Abstract: We propose a scheme for laser cooling of negatively charged molecules. We briefly summarise the requirements for such laser cooling and we identify a number of potential candidates. A detailed computation study with C$\_2^-$, the most studied molecular anion, is carried out. Simulations of 3D laser cooling in a gas phase show that this molecule could be cooled down to below 1 mK in only a few tens of milliseconds, using standard lasers. Sisyphus cooling, where no photo-detachment process is present, as well as Doppler laser cooling of trapped C$\_2^-$, are also simulated. This cooling scheme has an impact on the study of cold molecules, molecular anions, charged particle sources and antimatter physics.
The First Cold Antihydrogen
M. C. Fujiwara,M. Amoretti,C. Amsler,G. Bonomi,A. Bouchta,P. D. Bowe,C. Carraro,C. L. Cesar,M. Charlton,M. Doser,V. Filippini,A. Fontana,R. Funakoshi,P. Genova,J. S. Hangst,R. S. Hayano,L. V. Jorgensen,V. Lagomarsino,R. Landua,D. Lindelof,E. Lodi Rizzini,M. Macri,N. Madsen,M. Marchesotti,P. Montagna,H. Pruys,C. Regenfus,P. Rielder,A. Rotondi,G. Testera,A. Variola,D. P. van der Werf
Physics , 2004, DOI: 10.1016/j.nima.2004.06.050
Abstract: Antihydrogen, the atomic bound state of an antiproton and a positron, was produced at low energy for the first time by the ATHENA experiment, marking an important first step for precision studies of atomic antimatter. This paper describes the first production and some subsequent developments.
Three Dimensional Annihilation Imaging of Antiprotons in a Penning Trap
M. C. Fujiwara,M. Amoretti,G. Bonomi,A. Bouchta,P. D. Bowe,C. Carraro,C. L. Cesar,M. Charlton,M. Doser,V. Filippini,A. Fontana,R. Funakoshi,P. Genova,J. S. Hangst,R. S. Hayano,L. V. Jorgensen,V. Lagomarsino,R. Landuad,D. Lindelof,E. Lodi Rizzini,M. Macri,N. Madsen,M. Marchesotti,P. Montagna,H. Pruys,C. Regenfus,P. Rielder,A. Rotondi,G. Testera,A. Variola,D. P. van der Werf
Physics , 2004, DOI: 10.1063/1.1635168
Abstract: We demonstrate three-dimensional annihilation imaging of antiprotons trapped in a Penning trap. Exploiting unusual feature of antiparticles, we investigate a previously unexplored regime in particle transport; the proximity of the trap wall. Particle loss on the wall, the final step of radial transport, is observed to be highly non-uniform, both radially and azimuthally. These observations have considerable implications for the production and detection of antihydrogen atoms.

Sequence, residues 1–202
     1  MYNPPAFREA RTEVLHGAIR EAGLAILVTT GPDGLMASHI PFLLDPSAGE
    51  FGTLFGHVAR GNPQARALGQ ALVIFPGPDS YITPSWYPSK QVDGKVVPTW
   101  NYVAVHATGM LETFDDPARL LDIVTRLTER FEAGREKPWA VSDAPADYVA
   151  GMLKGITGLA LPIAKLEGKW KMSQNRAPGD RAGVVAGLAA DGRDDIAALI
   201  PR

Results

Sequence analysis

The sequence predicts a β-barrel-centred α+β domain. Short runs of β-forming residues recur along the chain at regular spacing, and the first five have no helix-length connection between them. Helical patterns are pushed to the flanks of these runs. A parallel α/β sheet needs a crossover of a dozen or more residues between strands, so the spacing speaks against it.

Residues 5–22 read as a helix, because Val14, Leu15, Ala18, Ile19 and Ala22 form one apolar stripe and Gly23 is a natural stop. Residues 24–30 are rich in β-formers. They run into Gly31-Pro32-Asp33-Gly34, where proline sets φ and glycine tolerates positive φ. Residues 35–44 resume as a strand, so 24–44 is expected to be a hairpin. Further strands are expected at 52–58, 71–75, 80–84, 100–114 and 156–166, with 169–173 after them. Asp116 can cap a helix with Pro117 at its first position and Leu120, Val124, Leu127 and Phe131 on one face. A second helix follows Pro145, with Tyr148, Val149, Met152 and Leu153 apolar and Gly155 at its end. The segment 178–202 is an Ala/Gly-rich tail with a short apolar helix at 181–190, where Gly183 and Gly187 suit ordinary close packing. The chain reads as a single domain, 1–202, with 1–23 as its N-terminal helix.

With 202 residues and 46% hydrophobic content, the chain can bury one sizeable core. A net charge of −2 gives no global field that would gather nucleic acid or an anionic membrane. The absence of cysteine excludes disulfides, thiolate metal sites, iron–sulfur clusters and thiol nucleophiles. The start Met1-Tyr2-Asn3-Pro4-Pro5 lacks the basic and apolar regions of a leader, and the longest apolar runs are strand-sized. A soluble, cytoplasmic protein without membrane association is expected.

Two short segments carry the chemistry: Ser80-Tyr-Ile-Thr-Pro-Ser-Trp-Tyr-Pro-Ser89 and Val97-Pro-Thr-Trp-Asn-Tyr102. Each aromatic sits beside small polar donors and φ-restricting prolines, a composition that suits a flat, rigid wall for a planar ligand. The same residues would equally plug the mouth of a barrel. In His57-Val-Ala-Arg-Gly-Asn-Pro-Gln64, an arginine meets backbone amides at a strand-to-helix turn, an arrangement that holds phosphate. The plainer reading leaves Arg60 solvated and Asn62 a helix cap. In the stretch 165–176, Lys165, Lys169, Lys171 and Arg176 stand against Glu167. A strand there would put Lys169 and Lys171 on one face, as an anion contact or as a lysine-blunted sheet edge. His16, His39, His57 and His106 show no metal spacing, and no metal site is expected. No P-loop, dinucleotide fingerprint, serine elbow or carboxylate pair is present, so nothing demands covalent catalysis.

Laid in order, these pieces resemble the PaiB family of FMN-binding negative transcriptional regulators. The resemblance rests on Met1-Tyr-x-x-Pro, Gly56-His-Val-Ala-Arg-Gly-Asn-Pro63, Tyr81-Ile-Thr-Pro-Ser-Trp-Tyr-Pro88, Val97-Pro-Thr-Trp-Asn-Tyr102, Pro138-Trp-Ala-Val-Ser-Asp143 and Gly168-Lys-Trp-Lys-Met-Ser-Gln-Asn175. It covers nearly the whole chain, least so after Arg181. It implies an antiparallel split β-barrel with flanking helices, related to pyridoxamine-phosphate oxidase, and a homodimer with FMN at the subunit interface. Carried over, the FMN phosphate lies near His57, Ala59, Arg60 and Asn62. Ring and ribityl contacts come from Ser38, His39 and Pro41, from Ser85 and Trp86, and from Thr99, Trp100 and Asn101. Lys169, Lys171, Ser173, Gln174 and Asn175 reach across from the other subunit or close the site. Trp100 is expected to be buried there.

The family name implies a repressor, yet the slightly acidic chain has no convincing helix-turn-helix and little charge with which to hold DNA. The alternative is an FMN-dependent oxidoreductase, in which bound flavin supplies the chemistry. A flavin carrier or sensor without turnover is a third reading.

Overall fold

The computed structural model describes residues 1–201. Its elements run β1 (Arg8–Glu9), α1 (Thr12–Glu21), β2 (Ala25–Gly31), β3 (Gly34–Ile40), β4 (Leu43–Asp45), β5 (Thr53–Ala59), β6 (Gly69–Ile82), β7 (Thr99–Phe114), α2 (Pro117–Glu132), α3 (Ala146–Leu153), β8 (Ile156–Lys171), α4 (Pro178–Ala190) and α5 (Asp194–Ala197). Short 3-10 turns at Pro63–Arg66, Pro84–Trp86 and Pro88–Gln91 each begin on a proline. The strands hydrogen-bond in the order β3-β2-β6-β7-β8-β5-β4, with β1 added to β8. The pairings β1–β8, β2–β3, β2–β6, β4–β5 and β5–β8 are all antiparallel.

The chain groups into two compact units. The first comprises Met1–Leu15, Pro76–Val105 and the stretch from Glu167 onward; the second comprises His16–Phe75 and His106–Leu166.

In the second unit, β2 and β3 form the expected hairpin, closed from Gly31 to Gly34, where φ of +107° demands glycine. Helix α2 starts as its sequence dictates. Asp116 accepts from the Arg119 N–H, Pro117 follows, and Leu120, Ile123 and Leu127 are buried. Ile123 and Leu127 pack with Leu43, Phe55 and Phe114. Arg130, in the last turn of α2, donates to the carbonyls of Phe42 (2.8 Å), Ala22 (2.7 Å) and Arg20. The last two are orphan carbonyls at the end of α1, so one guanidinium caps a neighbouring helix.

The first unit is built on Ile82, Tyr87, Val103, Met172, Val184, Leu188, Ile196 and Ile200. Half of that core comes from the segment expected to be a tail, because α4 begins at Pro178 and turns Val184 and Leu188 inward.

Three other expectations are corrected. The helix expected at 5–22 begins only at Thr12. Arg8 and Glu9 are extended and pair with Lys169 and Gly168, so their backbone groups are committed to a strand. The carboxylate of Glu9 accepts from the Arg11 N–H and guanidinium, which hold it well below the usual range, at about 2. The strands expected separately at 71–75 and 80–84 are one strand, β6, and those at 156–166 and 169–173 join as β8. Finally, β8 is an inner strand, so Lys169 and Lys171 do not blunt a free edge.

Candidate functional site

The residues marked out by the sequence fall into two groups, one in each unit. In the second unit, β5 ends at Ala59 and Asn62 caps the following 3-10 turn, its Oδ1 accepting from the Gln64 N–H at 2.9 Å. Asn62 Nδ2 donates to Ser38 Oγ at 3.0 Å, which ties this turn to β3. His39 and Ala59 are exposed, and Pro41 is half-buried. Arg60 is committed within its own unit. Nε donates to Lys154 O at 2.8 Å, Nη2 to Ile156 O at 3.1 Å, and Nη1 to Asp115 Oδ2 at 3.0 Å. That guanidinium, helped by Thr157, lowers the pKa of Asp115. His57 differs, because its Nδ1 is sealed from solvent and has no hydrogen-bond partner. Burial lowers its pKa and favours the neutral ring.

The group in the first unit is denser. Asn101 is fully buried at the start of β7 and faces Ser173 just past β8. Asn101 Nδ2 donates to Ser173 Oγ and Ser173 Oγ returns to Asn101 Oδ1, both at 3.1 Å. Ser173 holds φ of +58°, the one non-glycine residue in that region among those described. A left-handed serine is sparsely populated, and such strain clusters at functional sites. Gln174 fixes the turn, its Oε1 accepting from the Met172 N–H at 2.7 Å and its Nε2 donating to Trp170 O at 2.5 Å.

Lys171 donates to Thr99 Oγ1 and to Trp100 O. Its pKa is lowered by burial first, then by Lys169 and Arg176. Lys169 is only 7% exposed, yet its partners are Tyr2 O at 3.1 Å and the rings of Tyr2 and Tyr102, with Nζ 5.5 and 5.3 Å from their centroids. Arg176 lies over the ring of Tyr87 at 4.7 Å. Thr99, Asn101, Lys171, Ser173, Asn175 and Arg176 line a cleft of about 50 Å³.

First Production and Detection of Cold Antihydrogen Atoms
M. C. Fujiwara,M. Amoretti,C. Amsler,G. Bonomi,A. Bouchta,P. Bowe,C. Carraro,C. L. Cesar,M. Charlton,M. Doser,V. Filippini,A. Fontana,R. Funakoshi,P. Genova,J. S. Hangst,R. S. Hayano,L. V. Jorgensen,V. Lagomarsino,R. Landua,D. Lindelof,E. Lodi Rizzini,M. Marchesotti,M. Macri,N. Madsen,P. Montagna,H. Pruys,C. Regenfus,P. Rielder,A. Rotondi,G. Testera,A. Variola,D. P. van der Werf
Physics , 2003, DOI: 10.1016/S0168-583X(03)01775-0
Abstract: The ATHENA experiment recently produced the first atoms of cold antihydrogen. This paper gives a brief review of how this was achieved.
Positron plasma diagnostics and temperature control for antihydrogen production
ATHENA Collaboration,M. Amoretti,C. Amsler,G. Bonomi,A. Bouchta,P. D. Bowe,C. Carraro,C. L. Cesar,M. Charlton,M. Doser,V. Filippini,A. Fontana,M. C. Fujiwara,R. Funakoshi,P. Genova,J. S. Hangst,R. S. Hayano,L. V. Jorgensen,V. Lagomarsino,R. Landua,D. Lindelof,E. Lodi Rizzini,M. Macri',N. Madsen,G. Manuzio,P. Montagna,H. Pruys,C. Regenfus,A. Rotondi,G. Testera,A. Variola,D. P. van der Werf
Physics , 2003, DOI: 10.1103/PhysRevLett.91.055001
Abstract: Production of antihydrogen atoms by mixing antiprotons with a cold, confined, positron plasma depends critically on parameters such as the plasma density and temperature. We discuss non-destructive measurements, based on a novel, real-time analysis of excited, low-order plasma modes, that provide comprehensive characterization of the positron plasma in the ATHENA antihydrogen apparatus. The plasma length, radius, density, and total particle number are obtained. Measurement and control of plasma temperature variations, and the application to antihydrogen production experiments are discussed.
Production of Cold Antihydrogen with ATHENA for Fundamental Studies
ATHENA Collaboration,A. Kellerbauer,M. Amoretti,C. Amsler,G. Bonomi,P. D. Bowe,C. Canali,C. Carraro,C. L. Cesar,M. Charlton,M. Doser,A. Fontana,M. C. Fujiwara,R. Funakoshi,P. Genova,J. S. Hangst,R. S. Hayano,I. Johnson,L. V. J?rgensen,V. Lagomarsino,R. Landua,E. Lodi Rizzini,M. Macrí,N. Madsen,G. Manuzio,D. Mitchard,P. Montagna,H. Pruys,C. Regenfus,A. Rotondi,G. Testera,A. Variola,L. Venturelli,D. P. van der Werf,Y. Yamazaki,N. Zurlo
Physics , 2004,
Abstract: Since the beginning of operations of the CERN Antiproton Decelerator in July 2000, the successful deceleration, storage and manipulation of antiprotons has led to remarkable progress in the production of antimatter. The ATHENA Collaboration were the first to create and detect cold antihydrogen in 2002, and we can today produce large enough amounts of antiatoms to study their properties as well as the parameters that govern their production rate.